If you are a fan of helping students learn how to be critical thinkers, then you will appreciate the Slow Reveal Graphs site. Rather than presenting a full graph to students and asking them to interpret it, teachers use Slow Reveal Graphs to allow the students to discuss, think, wonder, and predict as each stage of the graph is shown – hopefully resulting in deeper learning. (This technique is similar to the one used in the New York Times’ “What’s Going on in this Graph?” feature.) Courtesy of Jenna Laib (@jennalaib) and other contributors, The Slow Reveal Graphs website has examples of different types of graphs (Circle, Bar, Line, etc…), many of which have links to slide decks that have already been created for the slow reveal. “How Long Can Animals Hold Their Breath Underwater?“, for example, begins with a bar graph that has no title or labels and incrementally adds them as you advance each slide. The slides also have suggested discussion questions in the notes.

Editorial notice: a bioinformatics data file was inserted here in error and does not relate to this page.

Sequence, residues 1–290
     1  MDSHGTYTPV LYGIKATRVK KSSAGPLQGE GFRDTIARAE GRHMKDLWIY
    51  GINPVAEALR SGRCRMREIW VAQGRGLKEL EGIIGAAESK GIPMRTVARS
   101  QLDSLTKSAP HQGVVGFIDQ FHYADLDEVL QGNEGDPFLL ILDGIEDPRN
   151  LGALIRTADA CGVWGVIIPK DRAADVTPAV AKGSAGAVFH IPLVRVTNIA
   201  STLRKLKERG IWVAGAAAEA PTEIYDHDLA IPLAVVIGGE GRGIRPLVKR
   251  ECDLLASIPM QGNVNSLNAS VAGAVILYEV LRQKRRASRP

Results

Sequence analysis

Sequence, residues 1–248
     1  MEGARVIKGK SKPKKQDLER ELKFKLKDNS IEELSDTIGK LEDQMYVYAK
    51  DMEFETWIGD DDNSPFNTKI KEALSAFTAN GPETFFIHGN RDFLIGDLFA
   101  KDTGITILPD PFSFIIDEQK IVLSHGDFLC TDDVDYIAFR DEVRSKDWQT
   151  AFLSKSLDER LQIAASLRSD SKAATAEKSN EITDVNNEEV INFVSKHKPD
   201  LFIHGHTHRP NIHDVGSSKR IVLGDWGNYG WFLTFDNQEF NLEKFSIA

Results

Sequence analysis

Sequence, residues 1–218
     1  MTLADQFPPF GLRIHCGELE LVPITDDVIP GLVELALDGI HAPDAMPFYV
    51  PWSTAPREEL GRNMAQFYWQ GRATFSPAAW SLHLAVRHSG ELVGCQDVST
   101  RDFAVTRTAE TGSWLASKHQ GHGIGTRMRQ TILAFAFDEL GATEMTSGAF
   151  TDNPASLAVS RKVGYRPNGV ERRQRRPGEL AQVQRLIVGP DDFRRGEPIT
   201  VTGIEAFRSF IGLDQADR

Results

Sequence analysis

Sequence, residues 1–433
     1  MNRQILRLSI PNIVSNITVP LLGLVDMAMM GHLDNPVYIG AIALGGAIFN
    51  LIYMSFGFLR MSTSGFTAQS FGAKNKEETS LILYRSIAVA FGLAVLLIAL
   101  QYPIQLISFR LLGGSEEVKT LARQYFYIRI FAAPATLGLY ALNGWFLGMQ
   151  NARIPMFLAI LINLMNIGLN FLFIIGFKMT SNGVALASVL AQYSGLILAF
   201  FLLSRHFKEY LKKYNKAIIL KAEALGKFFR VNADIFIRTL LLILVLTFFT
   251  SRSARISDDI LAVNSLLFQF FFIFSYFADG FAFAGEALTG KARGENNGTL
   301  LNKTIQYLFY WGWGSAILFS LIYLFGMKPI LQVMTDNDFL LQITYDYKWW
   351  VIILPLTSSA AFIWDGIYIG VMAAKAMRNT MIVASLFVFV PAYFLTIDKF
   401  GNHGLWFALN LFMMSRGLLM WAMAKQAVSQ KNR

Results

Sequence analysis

In case you are thinking this site will only appeal to math teachers, I should note that there are three special categories of Slow Reveal Graphs: Social Justice, Save the Planet, and Incarceration in the U.S. Of course, any of the graphs on the site can be used in multiple subjects, including ELA.
To read more about how Slow Reveal Graphs are used in classrooms, from primary to high school, visit this list of bloggers who have written about SRG’s in the past.
If you like SRG’s, consider trying Clothesline Math and Would You Rather? Math. One of my most popular posts, 15 Math Sites that Won’t Make You Fall Asleep, has examples of these and more. Also, follow the #mtbos hashtag on Twitter for more great math teaching strategies!